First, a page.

Hygiene is the key word when mixing pregnancy or even kids as well as adults with herps. There is nothing to fear from reptile-related salmonellosis if people at risk are careful about hygienic matters where reptiles are concerned. People at risk include pregnant women, babies, children, the elderly and anyone immunocompromised for any reason. Of course, any human or domestic other pet (dog, cat) can also get salmonella. It’s a matter of some common sense measures which are a good idea in any case.
The CDC, not trusting the average person to take common sense measures, therefore as a matter of record advises that households with people at risk should not contain reptiles, amphibians or other pets that could put them at increased risk from salmonella. Is this overkill? Yes, for some. But they have to look at the big picture and cover themselves.
Insofar as cat litter boxes are concerned, this is also true as histoplasmosis is endemic in cats and transmitted in their feces. It can thwart a pregnancy as well as make infants and small children very ill. Again common sense measures should be employed. Don’t inhale the litter dust, use liners, gloves, and wash up afterwards. I suggest that if litter boxes must be emptied by people at risk, they also wear a disposable face mask each time as this organism is readily inhaled.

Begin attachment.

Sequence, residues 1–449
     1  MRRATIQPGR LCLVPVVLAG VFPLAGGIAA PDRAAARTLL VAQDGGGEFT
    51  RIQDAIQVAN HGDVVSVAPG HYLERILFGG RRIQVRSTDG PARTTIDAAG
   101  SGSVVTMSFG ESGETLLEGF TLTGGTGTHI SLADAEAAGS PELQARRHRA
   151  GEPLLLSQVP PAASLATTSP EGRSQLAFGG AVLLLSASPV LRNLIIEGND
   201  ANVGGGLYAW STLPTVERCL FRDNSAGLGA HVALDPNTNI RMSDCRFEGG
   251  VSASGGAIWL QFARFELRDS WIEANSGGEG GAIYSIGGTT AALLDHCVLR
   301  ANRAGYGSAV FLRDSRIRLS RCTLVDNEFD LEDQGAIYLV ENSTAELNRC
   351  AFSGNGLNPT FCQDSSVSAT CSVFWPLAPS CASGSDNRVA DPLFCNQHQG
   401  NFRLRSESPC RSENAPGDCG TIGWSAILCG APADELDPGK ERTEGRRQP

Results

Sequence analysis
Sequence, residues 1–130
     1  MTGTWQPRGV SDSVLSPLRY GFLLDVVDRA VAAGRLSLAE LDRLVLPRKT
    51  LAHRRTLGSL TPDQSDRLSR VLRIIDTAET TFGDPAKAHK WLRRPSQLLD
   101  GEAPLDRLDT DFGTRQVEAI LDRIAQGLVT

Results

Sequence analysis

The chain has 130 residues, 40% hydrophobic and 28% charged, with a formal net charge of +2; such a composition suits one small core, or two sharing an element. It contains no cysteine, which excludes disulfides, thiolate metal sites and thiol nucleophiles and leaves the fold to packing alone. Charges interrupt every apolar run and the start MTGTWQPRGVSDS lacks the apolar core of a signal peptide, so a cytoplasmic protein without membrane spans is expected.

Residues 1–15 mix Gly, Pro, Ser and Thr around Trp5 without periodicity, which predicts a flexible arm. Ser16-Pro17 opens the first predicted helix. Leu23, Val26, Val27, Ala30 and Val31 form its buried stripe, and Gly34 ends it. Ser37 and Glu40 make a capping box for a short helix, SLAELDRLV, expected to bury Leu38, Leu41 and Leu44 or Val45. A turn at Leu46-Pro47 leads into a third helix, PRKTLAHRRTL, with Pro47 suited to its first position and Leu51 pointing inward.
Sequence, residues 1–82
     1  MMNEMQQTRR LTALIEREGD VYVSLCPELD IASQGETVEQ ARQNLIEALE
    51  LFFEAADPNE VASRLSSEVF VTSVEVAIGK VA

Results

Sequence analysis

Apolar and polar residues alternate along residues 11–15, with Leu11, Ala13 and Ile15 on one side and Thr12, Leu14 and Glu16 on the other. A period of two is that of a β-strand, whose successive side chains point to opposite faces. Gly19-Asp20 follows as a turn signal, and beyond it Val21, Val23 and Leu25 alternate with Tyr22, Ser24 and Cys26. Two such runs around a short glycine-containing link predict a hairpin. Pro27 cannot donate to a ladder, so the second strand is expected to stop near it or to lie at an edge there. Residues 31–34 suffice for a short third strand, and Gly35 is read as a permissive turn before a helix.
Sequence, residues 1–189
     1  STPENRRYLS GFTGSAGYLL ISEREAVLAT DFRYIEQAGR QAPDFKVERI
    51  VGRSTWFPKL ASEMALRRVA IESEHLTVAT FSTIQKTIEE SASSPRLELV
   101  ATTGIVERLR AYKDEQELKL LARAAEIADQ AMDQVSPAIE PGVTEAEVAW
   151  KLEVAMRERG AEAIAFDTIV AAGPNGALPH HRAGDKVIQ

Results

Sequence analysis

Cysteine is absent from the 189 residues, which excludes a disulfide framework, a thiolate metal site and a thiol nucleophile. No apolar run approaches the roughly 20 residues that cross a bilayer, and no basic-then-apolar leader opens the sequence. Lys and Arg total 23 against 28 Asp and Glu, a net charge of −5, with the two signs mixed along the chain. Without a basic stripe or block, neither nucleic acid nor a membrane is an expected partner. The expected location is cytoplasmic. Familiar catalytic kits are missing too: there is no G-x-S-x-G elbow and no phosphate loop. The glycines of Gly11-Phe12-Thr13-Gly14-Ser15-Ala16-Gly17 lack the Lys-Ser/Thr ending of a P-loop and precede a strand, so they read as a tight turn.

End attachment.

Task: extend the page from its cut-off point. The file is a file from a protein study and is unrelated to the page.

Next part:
At one point the Federal government was toying with the banning of broad ranges of herps (like the baby turtle ban which is still in effect) because of this. There were many heavily publicized cases and deaths in infants from salmonella-related sepsis. Thanks to the education program on the above website and a similar program put out by the Pet Industry Joint Advisory Council (PIJAC), these numbers have dropped to where banning herps was no longer a concern. All of us in the hobby want to keep it that way! Do what you must. If you can’t commit to following protocols on this, then get rid of your herps if you’re pregnant or have babies around. It will be better for the babies and better for the herpers if there is one less (publicized) case. Thank you.
Postscript: I am happy to report that there have been NO publicly recorded cases of human salmonella related to bearded dragons but the germ has been cultured in some animals. I believe it is not nearly as prevalent in bearded dragons compared to Iguanids and Turtles.